This and That

The one nice thing about being in a pandemic, is that you do get time alone to catch up on things ! 🙃 I’ve actually been quite busy since the start of the year with a load of things, including researching some additions to the Old Japanese Bike Compendium (just check my website at this link). In this, I have been able to identify another handful of former manufacturers, one of which is a pre-WWII make called the SSD (see this link). These machines were made between 1930 and 1934 by the Shishido brothers in Hiroshima, and were 250cc and 530cc side valve singles patterned after British Triumph machines of that time period. Recall that prior to roughly 1930, British, American and European machines were the predominate makes available in Japan, but in the build up to WWII, import tariffs, the collapse in the exchange value of the yen, and in general the global effects of the Great Depression effectively blocked the sales of foreign makes, and so domestic manufacturers started to appear in larger numbers. SSD folded in 1934/35 as financing dried up due to the government focusing on the war effort, and the assets and engineering moved to Dat Motor (now Nissan) and Toyo Kogyo (now Mazda) who were both heavily subsidised in the Japanese government’s armament programmes.

As an interesting historical footnote, to circumvent both the import tariffs and the effects of the depression, Harley-Davidson actually sold a complete factory, together with all the design information (what is now known as ‘intellectual property”) to a Japanese subsidiary who then made machines for the Japanese military under the Rikuo brand name. As well, the H-D engine design was used (and improved !) for other makes, including the Kurogane. As has been offered by others, H-D is in some ways actually responsible for the success of the post-war Japanese motor-vehicle industry ! 😲 Just check the ‘Rikuo’ and ‘Kurogane’ sections on my website for more details ! 😉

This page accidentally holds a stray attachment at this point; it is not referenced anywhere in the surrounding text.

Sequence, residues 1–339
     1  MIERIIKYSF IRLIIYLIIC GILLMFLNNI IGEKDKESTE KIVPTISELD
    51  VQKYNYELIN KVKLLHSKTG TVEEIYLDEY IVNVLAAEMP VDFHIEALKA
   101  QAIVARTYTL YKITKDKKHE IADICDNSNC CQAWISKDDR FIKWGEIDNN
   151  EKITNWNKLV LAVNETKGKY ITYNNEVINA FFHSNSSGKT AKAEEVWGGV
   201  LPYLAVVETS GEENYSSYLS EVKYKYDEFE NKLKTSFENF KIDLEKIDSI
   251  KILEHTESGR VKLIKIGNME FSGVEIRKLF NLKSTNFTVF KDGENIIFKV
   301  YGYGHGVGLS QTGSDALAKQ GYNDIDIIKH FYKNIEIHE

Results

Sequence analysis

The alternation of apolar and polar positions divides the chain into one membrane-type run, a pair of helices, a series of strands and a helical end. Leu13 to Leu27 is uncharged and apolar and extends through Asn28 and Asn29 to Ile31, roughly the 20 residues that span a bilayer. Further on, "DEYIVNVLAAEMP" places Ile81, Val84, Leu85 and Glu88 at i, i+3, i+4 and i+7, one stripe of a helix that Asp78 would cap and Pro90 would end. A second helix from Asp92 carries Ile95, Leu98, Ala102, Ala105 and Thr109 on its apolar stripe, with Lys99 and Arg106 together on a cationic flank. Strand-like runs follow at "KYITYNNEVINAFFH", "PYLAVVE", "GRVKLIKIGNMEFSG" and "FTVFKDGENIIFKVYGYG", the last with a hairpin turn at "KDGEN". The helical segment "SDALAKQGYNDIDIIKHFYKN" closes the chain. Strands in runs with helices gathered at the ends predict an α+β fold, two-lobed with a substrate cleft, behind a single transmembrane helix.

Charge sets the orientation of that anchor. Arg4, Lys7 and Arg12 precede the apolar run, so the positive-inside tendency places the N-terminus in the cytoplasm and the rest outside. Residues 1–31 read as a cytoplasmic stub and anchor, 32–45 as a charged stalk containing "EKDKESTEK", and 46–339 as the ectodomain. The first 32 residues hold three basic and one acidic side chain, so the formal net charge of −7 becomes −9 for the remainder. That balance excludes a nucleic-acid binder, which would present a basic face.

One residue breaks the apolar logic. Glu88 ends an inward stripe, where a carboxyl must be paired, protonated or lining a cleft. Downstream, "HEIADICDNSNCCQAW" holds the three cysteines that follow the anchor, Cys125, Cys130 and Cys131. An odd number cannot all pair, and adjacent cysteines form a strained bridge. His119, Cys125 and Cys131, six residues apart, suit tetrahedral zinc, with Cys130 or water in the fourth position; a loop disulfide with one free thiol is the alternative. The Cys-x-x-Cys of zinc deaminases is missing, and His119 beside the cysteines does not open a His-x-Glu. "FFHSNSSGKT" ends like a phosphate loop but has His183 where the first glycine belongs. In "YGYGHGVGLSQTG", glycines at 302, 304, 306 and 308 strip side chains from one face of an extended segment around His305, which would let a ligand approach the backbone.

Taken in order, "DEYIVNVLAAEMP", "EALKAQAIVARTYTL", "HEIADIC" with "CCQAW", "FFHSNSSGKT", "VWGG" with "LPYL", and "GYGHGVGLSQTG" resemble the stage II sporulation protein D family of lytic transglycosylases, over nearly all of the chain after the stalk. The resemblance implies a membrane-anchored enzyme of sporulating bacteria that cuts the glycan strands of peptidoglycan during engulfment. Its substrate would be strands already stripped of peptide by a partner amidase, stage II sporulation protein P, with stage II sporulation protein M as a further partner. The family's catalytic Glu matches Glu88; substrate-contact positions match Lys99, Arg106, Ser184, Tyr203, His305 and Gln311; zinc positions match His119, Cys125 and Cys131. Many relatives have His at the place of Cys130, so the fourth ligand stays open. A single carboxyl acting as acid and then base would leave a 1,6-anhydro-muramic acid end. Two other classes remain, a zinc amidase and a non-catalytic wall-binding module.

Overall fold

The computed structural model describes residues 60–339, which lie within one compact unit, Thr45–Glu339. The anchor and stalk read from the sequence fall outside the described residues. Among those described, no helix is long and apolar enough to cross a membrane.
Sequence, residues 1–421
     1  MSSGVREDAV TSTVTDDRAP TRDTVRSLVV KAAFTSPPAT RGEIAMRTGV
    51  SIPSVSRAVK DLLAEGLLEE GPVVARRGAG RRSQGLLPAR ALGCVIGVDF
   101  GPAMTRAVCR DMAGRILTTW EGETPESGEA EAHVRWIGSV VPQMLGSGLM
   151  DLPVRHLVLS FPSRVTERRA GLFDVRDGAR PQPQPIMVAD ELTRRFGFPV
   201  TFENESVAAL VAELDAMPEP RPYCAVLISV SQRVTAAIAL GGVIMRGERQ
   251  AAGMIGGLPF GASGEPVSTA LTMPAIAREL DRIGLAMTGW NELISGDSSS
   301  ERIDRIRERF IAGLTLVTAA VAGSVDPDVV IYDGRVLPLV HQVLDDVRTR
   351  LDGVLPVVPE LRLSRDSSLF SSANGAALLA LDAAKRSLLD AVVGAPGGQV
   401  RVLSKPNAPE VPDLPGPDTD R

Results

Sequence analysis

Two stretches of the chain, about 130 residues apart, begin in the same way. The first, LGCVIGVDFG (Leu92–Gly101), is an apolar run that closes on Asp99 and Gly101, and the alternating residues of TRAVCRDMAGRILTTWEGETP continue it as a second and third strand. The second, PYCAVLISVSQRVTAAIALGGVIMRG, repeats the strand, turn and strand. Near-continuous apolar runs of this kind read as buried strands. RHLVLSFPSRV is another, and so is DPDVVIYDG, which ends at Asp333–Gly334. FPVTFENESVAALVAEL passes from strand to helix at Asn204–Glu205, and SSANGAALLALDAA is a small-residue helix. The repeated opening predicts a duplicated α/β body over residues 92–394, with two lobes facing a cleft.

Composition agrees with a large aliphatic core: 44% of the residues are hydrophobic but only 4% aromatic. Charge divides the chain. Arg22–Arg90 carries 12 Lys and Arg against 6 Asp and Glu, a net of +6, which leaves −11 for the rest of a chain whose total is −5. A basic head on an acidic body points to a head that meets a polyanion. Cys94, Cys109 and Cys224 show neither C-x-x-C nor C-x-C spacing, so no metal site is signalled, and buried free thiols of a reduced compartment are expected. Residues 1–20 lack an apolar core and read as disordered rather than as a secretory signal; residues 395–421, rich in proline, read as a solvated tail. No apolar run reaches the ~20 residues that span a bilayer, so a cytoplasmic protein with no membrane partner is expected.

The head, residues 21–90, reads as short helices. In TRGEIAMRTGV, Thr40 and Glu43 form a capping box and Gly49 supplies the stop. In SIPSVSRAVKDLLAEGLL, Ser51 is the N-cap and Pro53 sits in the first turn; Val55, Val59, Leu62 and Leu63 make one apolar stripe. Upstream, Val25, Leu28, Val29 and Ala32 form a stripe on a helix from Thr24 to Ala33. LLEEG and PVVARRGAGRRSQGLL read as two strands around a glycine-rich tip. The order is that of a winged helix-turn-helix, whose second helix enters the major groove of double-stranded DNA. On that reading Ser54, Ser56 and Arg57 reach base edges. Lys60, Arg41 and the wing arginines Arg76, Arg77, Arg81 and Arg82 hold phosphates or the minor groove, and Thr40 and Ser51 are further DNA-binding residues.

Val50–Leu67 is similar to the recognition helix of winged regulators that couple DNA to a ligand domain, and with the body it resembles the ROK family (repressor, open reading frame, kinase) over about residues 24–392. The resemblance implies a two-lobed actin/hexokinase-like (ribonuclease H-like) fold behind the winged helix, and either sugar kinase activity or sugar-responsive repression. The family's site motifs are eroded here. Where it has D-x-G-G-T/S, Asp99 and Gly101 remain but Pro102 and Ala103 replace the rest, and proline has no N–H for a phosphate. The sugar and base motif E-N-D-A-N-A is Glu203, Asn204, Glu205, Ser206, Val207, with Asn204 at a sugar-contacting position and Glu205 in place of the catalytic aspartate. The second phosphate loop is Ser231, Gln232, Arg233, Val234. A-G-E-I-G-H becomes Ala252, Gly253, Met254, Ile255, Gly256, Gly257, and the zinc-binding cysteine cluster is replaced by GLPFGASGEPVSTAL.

In addition to working on my 1975 GT380 in the shop, the other thing I’ve been doing as adding yet more manuals to my website (at this link). The most recent additions this week include:

  • the F50 parts manual
  • the M31 parts manual
  • the T125 parts manual
  • the T20 parts manual
  • and both the T200 shop and T200 parts manuals

For anyone interested in these things, that represents roughly 6000 page images of Suzuki manuals that I have made available online to restorers during the past 10 or 12 years, plus all of the other material on the website (north of some 20,000 pages of material in total). And “yes” : I do make sure that I back up regularly ! 😉

Enjoy ! 😎

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